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It’s been awhile since I’ve shared what I spent at the grocery store. My budget’s been a little crazy the last couple months as I had a baby (and didn’t cook or shop on my own for a couple weeks), then entered heavy preservation season. Now things are settling down and I’m aiming to cut down even more — at least once I finish filling my pantry and freezer! We’re buying a whole pig (butchered) in about 6 weeks so I’m setting aside money for that.
Here’s what I bought last weekend:
- 3 boxes organic taco shells — $6
- 1 lb. frozen pineapple — $1.75
- 0.67 lbs. raw Romano — $4
- 1 lb. mozzarella — $5
- 1 lb. organic brown rice pasta — $2
- 2 bananas — $0.40
- 1 lb. uncured hot dogs — $4.25
- 3 lbs. brown rice — $3.25
- 1 quart organic grape juice — $3
- 1lb. organic green beans — $2
- 1 lb. almond flour — $4′
- 5 lbs. chicken breast — $14
- 10 lbs. organic potatoes — $8
- 1/2 gal. cider — $3.50
- 2 lbs. uncured bacon — $6
- 2 lbs. peanuts — $4.50
- 2 lbs. raw sharp cheddar — $12
- 2 lbs. organic carrots — $2
- 1.5 lbs. raw mild cheddar — $6.50
- 2 lbs. butter — $6
- 2 lbs. organic celery — $1
- 1.25 lbs. organic lettuce — $1.50
- 1 lb. organic black beans — $2
- 0.5 lbs. organic barley — $1
- 2 lbs. whiting fish — $5
- 2 lbs. broccoli — $2
- 3 lbs. peas — $3
- 2 lbs. cauliflower –$2
- 5 lbs. sugar — $3
- 3 lbs. onions — $3
This was from the grocery stores and was about $125. From the farm, we also got:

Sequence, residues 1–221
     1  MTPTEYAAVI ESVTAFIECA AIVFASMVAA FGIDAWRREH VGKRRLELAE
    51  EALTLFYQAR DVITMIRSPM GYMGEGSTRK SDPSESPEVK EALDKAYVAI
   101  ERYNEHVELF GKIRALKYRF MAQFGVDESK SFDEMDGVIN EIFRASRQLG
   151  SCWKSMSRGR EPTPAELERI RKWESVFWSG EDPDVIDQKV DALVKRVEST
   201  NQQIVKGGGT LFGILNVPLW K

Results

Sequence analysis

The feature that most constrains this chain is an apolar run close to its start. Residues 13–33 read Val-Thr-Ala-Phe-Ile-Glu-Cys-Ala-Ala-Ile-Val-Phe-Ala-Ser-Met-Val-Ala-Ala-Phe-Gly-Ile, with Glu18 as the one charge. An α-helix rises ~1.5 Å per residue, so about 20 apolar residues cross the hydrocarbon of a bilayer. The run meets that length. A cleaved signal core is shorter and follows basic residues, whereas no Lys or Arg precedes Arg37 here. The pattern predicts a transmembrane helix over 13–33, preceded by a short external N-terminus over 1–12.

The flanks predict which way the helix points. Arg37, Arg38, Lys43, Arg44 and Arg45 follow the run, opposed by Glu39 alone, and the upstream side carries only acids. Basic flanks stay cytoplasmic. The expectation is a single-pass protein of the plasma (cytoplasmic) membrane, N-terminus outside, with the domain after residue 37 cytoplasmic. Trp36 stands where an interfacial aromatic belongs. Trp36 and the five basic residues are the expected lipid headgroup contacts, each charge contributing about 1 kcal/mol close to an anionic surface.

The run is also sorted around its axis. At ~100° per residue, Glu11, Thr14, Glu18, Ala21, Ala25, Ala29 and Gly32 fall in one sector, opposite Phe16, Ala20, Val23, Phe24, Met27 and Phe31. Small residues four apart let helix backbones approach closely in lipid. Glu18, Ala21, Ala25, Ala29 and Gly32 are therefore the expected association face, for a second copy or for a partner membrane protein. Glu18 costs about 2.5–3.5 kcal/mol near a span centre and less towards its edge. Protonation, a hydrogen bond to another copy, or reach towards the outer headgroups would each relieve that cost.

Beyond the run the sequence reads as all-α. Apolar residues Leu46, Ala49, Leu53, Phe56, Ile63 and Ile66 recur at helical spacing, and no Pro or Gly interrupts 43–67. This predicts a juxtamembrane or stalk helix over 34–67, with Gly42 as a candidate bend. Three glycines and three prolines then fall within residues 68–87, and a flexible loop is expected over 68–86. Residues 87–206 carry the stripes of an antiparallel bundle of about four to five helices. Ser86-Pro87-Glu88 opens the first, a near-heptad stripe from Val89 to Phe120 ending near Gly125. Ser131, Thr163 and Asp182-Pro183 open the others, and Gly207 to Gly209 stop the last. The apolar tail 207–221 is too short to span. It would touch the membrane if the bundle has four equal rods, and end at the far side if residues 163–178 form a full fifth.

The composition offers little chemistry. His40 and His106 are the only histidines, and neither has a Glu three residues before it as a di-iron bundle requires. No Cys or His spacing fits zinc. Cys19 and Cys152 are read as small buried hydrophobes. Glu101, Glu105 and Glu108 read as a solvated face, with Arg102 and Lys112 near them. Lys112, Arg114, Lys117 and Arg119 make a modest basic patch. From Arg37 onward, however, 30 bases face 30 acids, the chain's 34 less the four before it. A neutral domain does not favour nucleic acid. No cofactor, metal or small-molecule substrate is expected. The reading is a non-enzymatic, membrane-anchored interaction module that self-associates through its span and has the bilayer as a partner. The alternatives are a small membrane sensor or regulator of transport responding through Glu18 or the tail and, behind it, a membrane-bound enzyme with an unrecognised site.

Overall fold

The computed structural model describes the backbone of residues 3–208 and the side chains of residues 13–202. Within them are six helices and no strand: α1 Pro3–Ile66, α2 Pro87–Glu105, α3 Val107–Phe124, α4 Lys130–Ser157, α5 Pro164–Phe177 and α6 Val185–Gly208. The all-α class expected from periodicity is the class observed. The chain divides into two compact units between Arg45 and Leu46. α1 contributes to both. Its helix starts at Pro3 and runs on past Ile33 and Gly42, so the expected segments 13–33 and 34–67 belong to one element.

- 1 lb. lamb stew cubes — $7
- 1 gal. milk — $5
- 4 doz. eggs — $12
- 2 gal. honey — $60
The eggs and milk are standard; the other stuff is not. So my total for “usual” groceries was $140-ish. This will last two weeks.
Additionally, we got 1/2 cow. We are still planning to get a whole pig, plus a gallon of maple syrup. I am also hoping for a few turkeys and about 10 stewing hens, so we can make lots of stock and set aside cooked meat for meals. We just stocked up on spices and other pantry items (about $60, which will last 6 months).
Here’s what we preserved:
- 77 quarts tomato sauce
- 27 pints diced tomatoes
- 18 quarts pickles
- 80 quarts diced pears
- 35 quarts applesauce
- 50 quarts sliced peaches
- 300 green peppers, halved, frozen
- 50 lbs. strawberries, frozen
- 50 lbs. peaches, frozen
- 20 lbs. cherries, frozen (sweet and tart mixed)
The house is getting full! But once we have the last of our stuff, we’ll just be buying cheese, milk, eggs, and some fresh produce each week. Once I’m done my grocery budget will be $200 – $300 a month, and I will be setting aside at least $200 for more major purchases in the future (1/2 or whole animals, pantry staples, next year’s preservation). It will take time and creativity to keep lowering the budget, even as our family is expanding (i.e. Jacob will be eating next year too and the other kids get bigger). But I will!